While Cabernet Sauvignon and Riesling may continue to grab all the headlines, Syrah was Peter Ranscombe’s pick at last week’s ‘Unsung Heroes’ tasting, hosted by Washington State Wine. He finds out that – thanks to its complex mix of soils, warm summers and cooler autumns – the state can produce wines that have the ripe fruit flavours of the new world alongside the structure and the freshness of the old world. Apart from reporting on the two Jamie Goode masterclasses, Ranscombe also picks his Top 10 Syrahs from the tasting.
Few winemaking areas can rival Washington state when it comes to diversity, as demonstrated by the breadth of styles among its Syrahs.
Word association can be a dangerous game when it comes to the world of wine – think “Washington state” and you’d be forgiven for your mind immediately making the connection with Cabernet Sauvignon and Riesling.
Yet there’s far more to America’s second-largest winemaking state than Bordeaux blends and racy whites, as producers demonstrated at last week’s Washington State Wine annual tasting at the St Pancras Renaissance Hotel in London.
Chief among the unsung heroes on show was Syrah, the Rhône variety that accounts for just over 24,000 tons of Washington’s 261,000-ton output, with Cabernet Sauvignon dominating at 74,000 tons.
Steve Warner, chief executive and president of the Washington State Wine Commission, told The Buyer: “Syrah has almost developed into this wine trade ‘cool kid’ in a sense – it seems that the wine trade and the media get really excited about the Syrah because it’s unique and expressive of terroir.”
He pointed to the differences in Syrah grown in diverse locations such as Walla Walla, Yakima Valley and Red Willow, where the state’s first Syrah was planted.
“It’s so reflective of the terroir and shows how much you can geek-out on Syrah,” he added.
His comments were echoed by wine writer Dr Jamie Goode, who led the masterclasses at the tasting.
“The rising star of red grapes is Syrah,” Goode said.
“There are some very exciting Syrahs coming from this state.”
Yet Goode added that one factor holding Syrah back is that the variety can be difficult to sell to mainstream American consumers.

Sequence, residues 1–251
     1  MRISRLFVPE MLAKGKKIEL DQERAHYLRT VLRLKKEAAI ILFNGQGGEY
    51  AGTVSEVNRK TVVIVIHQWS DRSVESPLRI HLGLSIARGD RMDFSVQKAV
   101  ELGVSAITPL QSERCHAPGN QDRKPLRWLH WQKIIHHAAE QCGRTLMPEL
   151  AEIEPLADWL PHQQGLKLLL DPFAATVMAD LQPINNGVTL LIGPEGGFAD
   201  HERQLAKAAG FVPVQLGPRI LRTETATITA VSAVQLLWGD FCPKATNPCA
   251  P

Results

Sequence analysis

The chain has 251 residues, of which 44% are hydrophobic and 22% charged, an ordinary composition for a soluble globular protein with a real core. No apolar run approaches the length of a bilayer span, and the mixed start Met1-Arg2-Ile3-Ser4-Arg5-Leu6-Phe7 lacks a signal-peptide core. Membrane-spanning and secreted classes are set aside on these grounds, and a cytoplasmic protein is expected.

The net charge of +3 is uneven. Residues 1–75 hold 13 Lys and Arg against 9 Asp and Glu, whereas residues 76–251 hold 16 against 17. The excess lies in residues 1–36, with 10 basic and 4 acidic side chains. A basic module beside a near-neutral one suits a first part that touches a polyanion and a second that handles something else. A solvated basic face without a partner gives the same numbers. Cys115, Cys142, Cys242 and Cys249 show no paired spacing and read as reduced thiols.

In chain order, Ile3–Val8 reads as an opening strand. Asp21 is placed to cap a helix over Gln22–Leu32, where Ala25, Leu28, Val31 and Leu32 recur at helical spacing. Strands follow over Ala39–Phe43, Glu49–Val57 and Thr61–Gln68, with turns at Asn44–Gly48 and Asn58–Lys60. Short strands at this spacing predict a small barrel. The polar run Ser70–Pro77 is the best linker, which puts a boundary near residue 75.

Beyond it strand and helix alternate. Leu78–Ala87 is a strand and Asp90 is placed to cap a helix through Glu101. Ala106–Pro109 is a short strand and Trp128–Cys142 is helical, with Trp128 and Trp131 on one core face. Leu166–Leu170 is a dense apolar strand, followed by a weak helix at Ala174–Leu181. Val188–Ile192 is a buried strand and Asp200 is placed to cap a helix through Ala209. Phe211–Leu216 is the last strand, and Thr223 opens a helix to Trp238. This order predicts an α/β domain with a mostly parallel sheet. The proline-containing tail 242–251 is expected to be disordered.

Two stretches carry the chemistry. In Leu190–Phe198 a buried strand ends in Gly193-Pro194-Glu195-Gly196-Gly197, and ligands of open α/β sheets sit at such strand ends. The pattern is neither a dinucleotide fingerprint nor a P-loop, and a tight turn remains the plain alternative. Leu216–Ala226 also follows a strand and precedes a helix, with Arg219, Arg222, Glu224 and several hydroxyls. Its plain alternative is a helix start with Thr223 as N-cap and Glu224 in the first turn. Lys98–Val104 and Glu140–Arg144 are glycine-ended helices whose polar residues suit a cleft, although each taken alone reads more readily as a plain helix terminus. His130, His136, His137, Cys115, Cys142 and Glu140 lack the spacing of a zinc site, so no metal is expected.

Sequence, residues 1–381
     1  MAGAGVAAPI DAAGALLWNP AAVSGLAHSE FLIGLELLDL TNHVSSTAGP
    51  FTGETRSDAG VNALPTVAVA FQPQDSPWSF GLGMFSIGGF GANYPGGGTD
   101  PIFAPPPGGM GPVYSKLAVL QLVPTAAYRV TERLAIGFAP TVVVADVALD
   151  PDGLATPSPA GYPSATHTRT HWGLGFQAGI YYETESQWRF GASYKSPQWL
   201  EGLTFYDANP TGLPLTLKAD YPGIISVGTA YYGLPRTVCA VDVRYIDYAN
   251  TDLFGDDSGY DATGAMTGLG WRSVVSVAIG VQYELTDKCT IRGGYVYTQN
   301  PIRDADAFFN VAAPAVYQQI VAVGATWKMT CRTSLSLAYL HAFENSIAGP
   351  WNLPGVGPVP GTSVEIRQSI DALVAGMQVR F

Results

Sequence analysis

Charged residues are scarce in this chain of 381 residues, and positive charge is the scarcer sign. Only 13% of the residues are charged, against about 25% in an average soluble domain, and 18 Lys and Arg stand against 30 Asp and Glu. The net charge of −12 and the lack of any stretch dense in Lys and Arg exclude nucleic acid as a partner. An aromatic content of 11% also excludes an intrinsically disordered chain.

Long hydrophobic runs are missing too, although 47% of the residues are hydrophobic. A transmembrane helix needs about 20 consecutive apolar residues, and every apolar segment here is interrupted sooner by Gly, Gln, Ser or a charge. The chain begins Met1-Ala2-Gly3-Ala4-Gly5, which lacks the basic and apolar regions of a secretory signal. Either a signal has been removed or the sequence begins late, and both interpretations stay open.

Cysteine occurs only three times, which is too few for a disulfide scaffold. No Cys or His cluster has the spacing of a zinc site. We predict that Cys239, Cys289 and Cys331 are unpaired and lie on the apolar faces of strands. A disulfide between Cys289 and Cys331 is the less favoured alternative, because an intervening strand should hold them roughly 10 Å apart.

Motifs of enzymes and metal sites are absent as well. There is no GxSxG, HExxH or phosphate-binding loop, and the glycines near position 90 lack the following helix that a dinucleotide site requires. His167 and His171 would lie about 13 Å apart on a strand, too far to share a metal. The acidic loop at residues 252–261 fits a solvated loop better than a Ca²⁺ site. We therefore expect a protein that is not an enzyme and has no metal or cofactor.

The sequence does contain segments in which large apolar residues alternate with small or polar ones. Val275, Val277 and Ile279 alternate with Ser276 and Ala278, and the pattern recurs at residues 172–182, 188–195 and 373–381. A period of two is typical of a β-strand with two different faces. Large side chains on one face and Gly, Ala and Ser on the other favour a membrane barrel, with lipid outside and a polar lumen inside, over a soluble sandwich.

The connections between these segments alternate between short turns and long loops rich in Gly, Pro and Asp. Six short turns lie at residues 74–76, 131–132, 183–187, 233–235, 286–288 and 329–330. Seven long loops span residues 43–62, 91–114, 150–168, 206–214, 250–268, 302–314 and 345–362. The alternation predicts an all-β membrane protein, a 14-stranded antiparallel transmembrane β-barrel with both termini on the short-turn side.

Warner agreed: “Obviously, Cabernet Sauvignon sales are continuing to grow because that seems to appeal to the broader consumer.”
“If you think of Syrah as a highway then the lanes are really wide – you really have to know regions or individual American Viticulture Areas (AVAs) or even producers to know what you’re getting – whereas Cabernet tends to have tighter lanes and if you’re an average consumer and you pick a Cabernet Sauvignon then, chances are, you’re going to get what you think you’re going to get for the most part.”
“Syrah is a whole different animal.”
As well as the diversity of terroir, Washington’s climate also lends itself to producing wines with finesse.
The first of Goode’s two masterclasses explained why Washington’s wines were renowned for having “new world fruit with old world structure and acidity”.
He pointed to the state’s hot summer days and cool nights and that, while Washington’s main Columbia Valley was warmer than areas such as Napa and Bordeaux during the summer, it was cooler in September and October.
“If you want to make interesting wines then you need to be harvesting in the autumn, not when it’s still really hot,” Goode explained.
“The advantage of this drop-off in temperature as harvest approaches is that those final weeks take place in cool temperatures so you manage to retain more of your acidity and your window of picking is expanded, whereas in some regions you only have a few days to pick before you suddenly have too much maturity.
“If you want to pick at the right time in the Columbia Valley then you can do it because of this drop-off of temperatures, which is a massive advantage in making more classically-styled wines.”
Ten of the best Syrahs from Washington state
K Vintners Motor City Kitty Syrah